The reason the Son of God was made manifest

In 1 John chapter 3 and the second part of verse 8 we see a very clear statement. "The reason the Son of God appeared was to destroy the devil's work." As you know, almost every day we learn of more atrocities going on in the world, and many obvious acts of evil, so has The Son of God failed to destroy the works of the devil or is there another explanation?

The fact is that in the Garden of Eden when the man and the woman disobeyed God (thus sinning against Him) they forfeited the authority God had given them over the earth and were under condemnation for it. Any off spring they might produce would be given automatically that sinful and rebellious nature that separates mankind from God.

However, God did not want to leave mankind in their sin since He created them to have fellowship and dwell in His presence forever. Therefore there had to be a way of restoring mankind back into the kind of relationship with God that they had before they were tricked into disobeying Him. How this was to be done was set out clearly in the books of the Old Testament until the time was right for the plan of salvation for mankind to be implemented.

In Matthew chapter 27 verses 15 to 23 we read something that can be proven through records that have been handed down since these events occurred. They were recorded and passed down not by Christians but by the Roman authorities themselves and therefore we know what they say is true.

We read "Now it was the governor's custom at the festival to release a prisoner chosen by the crowd. At that time they had a well-known prisoner whose name was Jesus Barabbas. So when the crowd had gathered, Pilate asked them, "Which one do you want me to release to you: Jesus Barabbas, or Jesus who is called the Messiah?" For he knew it was out of self-interest that they had handed Jesus over to him.

While Pilate was sitting on the judge's seat, his wife sent him this message: "Don't have anything to do with that innocent man, for I have suffered a great deal today in a dream because of him". But the chief priests and the elders persuaded the crowd to ask for Barabbas and to have Jesus executed. "Which of the two do you want me to release to you?" asked the governor. "Barabbas," they answered.

"What shall I do, then, with Jesus who is called the Messiah?" Pilate asked. They all answered, "Crucify him!" "Why? What crime has he committed?" asked Pilate. But they shouted all the louder, "Crucify him!" A short study of the words in this chapter will show you that Barabbas lead a rebellion and took part in the murder of a number of people. Jesus on the other was sinless.

The crowd had missed the point of what was going on but we can see clearly that here was the sinless one standing in the place and taking the punishment of the guilty. Many years later in the 1980s a similar situation would occur. At that time in Britain there was a major industrial dispute that resulted in much violence against the police and much rioting, lead by a very well known union leader.

Because of his conduct he was summoned to appear before a judge to answer for his conduct. The sentence (had he received one) would have without doubt had to have been served in Prison. However, the union leader refused to obey the law and a summons was issued against him, imposing on top of any other penalty a heavy fine. The union leader still refused to appear in court despite all of this.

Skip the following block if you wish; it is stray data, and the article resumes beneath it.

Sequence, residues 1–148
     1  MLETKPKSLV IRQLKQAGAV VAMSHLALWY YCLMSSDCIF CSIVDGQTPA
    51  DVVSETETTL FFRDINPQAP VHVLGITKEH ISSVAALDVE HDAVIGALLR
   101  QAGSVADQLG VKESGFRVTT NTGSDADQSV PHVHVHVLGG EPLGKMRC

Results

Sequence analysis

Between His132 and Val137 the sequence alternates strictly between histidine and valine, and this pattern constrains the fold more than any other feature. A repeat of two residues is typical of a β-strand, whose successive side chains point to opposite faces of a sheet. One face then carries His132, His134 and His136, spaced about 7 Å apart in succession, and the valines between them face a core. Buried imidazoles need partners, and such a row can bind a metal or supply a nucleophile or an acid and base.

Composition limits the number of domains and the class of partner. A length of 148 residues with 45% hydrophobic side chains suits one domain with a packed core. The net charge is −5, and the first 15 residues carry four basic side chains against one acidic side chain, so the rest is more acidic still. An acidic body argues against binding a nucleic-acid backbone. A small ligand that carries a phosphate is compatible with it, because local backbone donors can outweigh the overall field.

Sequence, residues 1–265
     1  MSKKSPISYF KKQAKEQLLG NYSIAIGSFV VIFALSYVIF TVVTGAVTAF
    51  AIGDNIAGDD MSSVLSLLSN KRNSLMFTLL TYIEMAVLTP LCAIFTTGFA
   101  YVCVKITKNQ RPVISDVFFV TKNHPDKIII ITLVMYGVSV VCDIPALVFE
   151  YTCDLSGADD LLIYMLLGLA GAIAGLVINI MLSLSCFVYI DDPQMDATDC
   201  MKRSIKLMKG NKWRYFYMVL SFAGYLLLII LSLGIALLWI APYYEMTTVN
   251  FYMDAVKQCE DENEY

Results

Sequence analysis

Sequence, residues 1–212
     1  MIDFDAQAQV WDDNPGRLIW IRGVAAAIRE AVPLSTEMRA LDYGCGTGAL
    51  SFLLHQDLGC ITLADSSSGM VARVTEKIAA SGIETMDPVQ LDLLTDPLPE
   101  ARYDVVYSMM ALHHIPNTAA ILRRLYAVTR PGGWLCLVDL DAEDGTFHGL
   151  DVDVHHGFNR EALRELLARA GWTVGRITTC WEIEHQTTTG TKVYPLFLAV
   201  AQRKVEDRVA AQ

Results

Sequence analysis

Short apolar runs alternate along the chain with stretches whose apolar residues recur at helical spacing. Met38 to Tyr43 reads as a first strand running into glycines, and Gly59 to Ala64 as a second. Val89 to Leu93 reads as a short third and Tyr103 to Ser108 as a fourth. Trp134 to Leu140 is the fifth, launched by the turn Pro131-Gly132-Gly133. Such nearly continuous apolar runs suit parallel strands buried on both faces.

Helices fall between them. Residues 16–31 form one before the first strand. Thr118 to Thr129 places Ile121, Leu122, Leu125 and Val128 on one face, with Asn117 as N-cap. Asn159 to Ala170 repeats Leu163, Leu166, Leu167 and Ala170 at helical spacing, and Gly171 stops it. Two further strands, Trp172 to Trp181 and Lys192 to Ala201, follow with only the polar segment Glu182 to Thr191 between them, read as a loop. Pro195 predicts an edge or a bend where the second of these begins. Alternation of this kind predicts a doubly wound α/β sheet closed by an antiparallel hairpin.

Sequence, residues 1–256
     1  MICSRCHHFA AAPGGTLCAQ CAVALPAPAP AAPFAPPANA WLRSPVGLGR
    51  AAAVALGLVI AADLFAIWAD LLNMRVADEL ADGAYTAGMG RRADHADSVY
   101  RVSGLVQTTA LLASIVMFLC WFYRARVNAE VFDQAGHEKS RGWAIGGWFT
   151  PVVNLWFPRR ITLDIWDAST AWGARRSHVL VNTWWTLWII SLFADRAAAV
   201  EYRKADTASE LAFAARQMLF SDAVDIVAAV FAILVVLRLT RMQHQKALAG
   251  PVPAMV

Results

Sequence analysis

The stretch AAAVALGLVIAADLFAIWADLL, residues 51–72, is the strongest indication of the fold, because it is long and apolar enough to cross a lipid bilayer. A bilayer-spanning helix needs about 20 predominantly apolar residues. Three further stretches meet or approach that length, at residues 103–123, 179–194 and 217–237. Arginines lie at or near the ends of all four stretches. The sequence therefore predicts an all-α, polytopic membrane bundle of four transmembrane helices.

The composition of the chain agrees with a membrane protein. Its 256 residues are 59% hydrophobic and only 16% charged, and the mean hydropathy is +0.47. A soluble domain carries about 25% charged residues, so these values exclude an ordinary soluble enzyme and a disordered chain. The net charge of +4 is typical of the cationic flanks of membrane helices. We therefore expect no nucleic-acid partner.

However, the judge in this case received a sum of money equal to the fine that should have been imposed on the union leader. It was paid by a man who had nothing what so ever to do with the dispute in question, but by law the judge was obliged to accept the money as punishment for the conduct of the union leader and all charges against that man were dropped.

When Jesus went to the cross for us more than 2000 years ago He took upon Himself the penalty that each one of us should have been given, but because an innocent man paid the penalty that the guilty should have received it was counted in God's eyes as paying the penalty for our sin and not only do we go free and unpunished but all charges the devil tries to bring against us are dropped because the penalty has been paid.

Just as that union man had the option of refusing to allow the one who paid his penalty to do what he did, so it is with Jesus. We can take the penalty of our sin upon ourselves if we want to, the penalty being eternal death and separation from God and to be cast into the lake of fire forever, or we can put our faith and trust in what Jesus did for us in paying the penalty on our behalf all those years ago.

If we put our faith and trust in what He did on our behalf then we go free and when God looks at believers He sees not their sin but the penalty that has been paid on their behalf the blood of Jesus, thus we go free with all charges against us dropped. In the case of Barabbas the result was temporary, for those who put their faith and trust in what Jesus has done for us, the cleansing is eternal.

We could not take the penalty of our sin upon ourselves, knowing this the evil one had us permanently in fear of death and facing God on judgement day. Because of what Jesus has done we need fear these things no more for as the Apostle Paul wrote in Romans chapter 8 verse 1 "There is therefore now, no condemnation for those who are in Christ Jesus (those who continue to put their faith and trust in what Jesus has done for them and live in fellowship with Him and all other believers).

This is just one of the works of the evil one that Jesus has destroyed, our fear of death and condemnation. Only Jesus could have paid this penalty for us and next time we will look at the scriptures again and see how He alone was qualified to take our sins upon Himself in order to set us free forever. The evil one cannot reverse what Jesus has done for us nor our faith and trust in it.